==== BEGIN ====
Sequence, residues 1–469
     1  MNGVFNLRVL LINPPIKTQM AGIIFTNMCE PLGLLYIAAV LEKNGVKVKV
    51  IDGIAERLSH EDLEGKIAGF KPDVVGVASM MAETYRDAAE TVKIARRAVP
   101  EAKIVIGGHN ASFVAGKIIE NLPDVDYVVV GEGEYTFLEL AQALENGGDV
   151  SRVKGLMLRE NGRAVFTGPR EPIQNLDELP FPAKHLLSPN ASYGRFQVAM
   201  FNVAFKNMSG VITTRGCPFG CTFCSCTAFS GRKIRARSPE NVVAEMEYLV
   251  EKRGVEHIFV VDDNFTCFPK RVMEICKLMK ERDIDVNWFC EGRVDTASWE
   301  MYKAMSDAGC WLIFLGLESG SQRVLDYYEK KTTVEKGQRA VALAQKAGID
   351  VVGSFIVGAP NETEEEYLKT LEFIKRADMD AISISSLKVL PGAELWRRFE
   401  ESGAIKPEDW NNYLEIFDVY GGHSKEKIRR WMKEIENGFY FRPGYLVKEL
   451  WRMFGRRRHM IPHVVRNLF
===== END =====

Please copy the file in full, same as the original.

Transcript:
Sequence, residues 1–469
     1  MNGVFNLRVL LINPPIKTQM AGIIFTNMCE PLGLLYIAAV LEKNGVKVKV
    51  IDGIAERLSH EDLEGKIAGF KPDVVGVASM MAETYRDAAE TVKIARRAVP
   101  EAKIVIGGHN ASFVAGKIIE NLPDVDYVVV GEGEYTFLEL AQALENGGDV
   151  SRVKGLMLRE NGRAVFTGPR EPIQNLDELP FPAKHLLSPN ASYGRFQVAM
   201  FNVAFKNMSG VITTRGCPFG CTFCSCTAFS GRKIRARSPE NVVAEMEYLV
   251  EKRGVEHIFV VDDNFTCFPK RVMEICKLMK ERDIDVNWFC EGRVDTASWE
   301  MYKAMSDAGC WLIFLGLESG SQRVLDYYEK KTTVEKGQRA VALAQKAGID
   351  VVGSFIVGAP NETEEEYLKT LEFIKRADMD AISISSLKVL PGAELWRRFE
   401  ESGAIKPEDW NNYLEIFDVY GGHSKEKIRR WMKEIENGFY FRPGYLVKEL
   451  WRMFGRRRHM IPHVVRNLF